Health minister: Mandatory prescriptions upon request to be included in Poisons Act

Health Minister Datuk Seri Dzulkefly Ahmad mingles with people after the Health Ministry Town Hall Session with pharmacists in Putrajaya August 8, 2019. — Picture by Hari Anggara
Health Minister Datuk Seri Dzulkefly Ahmad mingles with people after the Health Ministry Town Hall Session with pharmacists in Putrajaya August 8, 2019. — Picture by Hari Anggara

PUTRAJAYA, Aug 8 — The Health Ministry is looking to include mandatory prescriptions upon request as a provision under the Poisons Act 1952.

Its minister Datuk Seri Dzulkefly Ahmad said he is hoping that the provision will be added as one of the amendments made to the Act.

“We are working towards that direction, but it will not be ready immediately.

“As and when it is ready, we will notify the respective industries and the public,” he told reporters during a press conference today after a town hall session attended by over 400 pharmacists here.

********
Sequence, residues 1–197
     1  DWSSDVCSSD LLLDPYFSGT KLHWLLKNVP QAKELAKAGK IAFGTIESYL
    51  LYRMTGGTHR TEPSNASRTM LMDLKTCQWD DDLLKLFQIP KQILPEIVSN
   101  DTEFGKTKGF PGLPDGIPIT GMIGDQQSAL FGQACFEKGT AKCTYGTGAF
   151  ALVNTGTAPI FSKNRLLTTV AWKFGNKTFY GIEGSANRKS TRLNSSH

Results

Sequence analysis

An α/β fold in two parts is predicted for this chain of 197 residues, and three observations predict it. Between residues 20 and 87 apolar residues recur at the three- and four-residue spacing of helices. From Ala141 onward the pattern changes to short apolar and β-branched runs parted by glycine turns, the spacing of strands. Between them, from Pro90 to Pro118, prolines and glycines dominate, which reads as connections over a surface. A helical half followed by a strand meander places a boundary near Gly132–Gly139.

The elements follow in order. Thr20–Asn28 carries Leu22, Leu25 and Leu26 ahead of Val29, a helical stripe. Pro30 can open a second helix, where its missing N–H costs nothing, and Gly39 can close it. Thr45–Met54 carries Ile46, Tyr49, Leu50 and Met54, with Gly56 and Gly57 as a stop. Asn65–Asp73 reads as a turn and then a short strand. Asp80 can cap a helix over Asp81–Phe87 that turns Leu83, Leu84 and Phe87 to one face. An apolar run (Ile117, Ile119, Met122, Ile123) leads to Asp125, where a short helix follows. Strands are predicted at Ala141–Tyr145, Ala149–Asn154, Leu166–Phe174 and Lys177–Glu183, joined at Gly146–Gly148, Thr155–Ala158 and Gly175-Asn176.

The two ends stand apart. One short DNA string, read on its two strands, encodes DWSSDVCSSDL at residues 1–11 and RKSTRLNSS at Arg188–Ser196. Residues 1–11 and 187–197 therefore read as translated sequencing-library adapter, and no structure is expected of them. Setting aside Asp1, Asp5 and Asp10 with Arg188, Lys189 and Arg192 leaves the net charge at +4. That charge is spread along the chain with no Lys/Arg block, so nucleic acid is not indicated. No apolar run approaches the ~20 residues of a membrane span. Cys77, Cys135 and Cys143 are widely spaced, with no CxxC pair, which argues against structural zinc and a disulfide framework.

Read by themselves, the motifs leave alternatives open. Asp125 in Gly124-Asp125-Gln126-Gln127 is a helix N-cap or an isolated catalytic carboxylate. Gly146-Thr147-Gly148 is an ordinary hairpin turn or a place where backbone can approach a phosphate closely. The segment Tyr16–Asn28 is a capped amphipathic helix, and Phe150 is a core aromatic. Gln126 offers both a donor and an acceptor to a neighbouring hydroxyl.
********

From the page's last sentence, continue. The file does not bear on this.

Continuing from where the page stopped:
However, this is against the demands of pharmacists who have been asking to make prescriptions by doctor mandatory and not “upon request”.

Currently, doctors are following the “mandatory upon request” policy, where the onus is on the patients to request for prescriptions.

Pharmacists have in the past rallied against this policy, deeming it unsafe for patients to make the decision on their own.

This was raised again today during the town hall by several pharmacists, who urged the Health Ministry to consider making it mandatory for doctors to provide a complete prescription.

When asked for a time frame of when the ministry is expected to present the amendments, Dzulkefly said it will be presented to Parliament during the third session this year.

It was reported that previously, the Health Ministry under the former administration mooted to remove the requirement that prescriptions be mandatory.

Pharmacists were concerned that patients would be put in a situation where they can be denied prescriptions.

“If patients face a situation where doctors refuse to prescribe medication, they can take their complaints to the Private Medical Practice Control Branch and the case will be investigated under the grievance mechanism provided under the law.

*Editor’s note: An earlier version did not carry the term “upon request”, but has since been corrected after clarification from the Health Ministry. Malay Mail apologises for the confusion.

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